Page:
End of the line: Something fishy about booby-trapped bikes
I got an eyebrow-raising press release today from Ilovemybike.co.uk, also known as the Environmental Transport Association (ETA), which sells bike insurance, among other things (like car insurance).
Apparently, cyclists, fed up by the constant and growing threat of theft, are resorting to “direct action”.
“[Cyclists] have taken to supplementing the security providedby a conventional lock by securing their bikes with a length of hidden 500lb fishing line. If the primary lock is smashed and the bicycle ridden off without permission, the line snaps taught and thief is thrown from the bike.”
Extreme and, presumably, potentially deadly measures. An email to ETA reveals, however, that evidence for such ploys is anecdotal – the result of an informal survey of 600 clients during the course of a year. There’s no suggestion any would-be thief has been scuppered by fishing line.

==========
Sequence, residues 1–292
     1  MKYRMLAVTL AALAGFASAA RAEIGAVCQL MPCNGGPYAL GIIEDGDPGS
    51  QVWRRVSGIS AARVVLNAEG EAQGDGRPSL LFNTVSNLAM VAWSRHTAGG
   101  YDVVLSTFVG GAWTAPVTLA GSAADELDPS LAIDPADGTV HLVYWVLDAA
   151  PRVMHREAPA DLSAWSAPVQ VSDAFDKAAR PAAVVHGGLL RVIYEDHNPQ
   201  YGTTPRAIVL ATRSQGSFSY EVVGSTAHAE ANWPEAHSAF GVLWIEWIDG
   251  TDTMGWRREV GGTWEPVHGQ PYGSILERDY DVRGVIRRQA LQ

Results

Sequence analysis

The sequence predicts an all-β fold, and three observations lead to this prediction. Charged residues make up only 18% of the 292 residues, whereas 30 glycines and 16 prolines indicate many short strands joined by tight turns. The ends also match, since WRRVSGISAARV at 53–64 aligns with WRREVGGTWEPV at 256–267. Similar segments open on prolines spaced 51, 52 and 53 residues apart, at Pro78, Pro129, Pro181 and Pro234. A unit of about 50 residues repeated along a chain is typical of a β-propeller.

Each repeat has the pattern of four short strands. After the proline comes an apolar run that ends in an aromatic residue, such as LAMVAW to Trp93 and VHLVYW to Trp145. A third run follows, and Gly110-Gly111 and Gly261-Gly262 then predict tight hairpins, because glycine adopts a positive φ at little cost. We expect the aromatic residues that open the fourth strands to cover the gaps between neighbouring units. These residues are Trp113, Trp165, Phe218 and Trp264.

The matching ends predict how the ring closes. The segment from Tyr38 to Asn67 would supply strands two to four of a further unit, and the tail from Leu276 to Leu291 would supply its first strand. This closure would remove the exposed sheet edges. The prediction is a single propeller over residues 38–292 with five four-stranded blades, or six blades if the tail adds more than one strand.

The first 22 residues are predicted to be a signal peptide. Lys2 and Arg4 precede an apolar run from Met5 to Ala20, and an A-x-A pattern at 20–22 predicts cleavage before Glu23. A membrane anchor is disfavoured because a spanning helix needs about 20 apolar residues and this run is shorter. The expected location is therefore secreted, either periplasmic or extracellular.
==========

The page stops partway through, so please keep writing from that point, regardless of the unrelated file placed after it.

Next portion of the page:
But some cyclists are, ETA assures me, using increasingly outlandish measures to protect their rides, including “an ingenious system that connected the person’s house burglar alarm to their bicycle, and a low-tech, but effective Heath Robinson-style rig that pulled open the garden gate and released the family dog if the bicycle was stolen.”
Perhaps there is truth here - let us know if you have heard of actual cases of booby traps or bizarre devices. In the meantime, there was news yesterday of a more conventional way to protect your bike that relies on ID tags and smartphones. At least it’s legal – be sure it’s only your bike that gets locked up.
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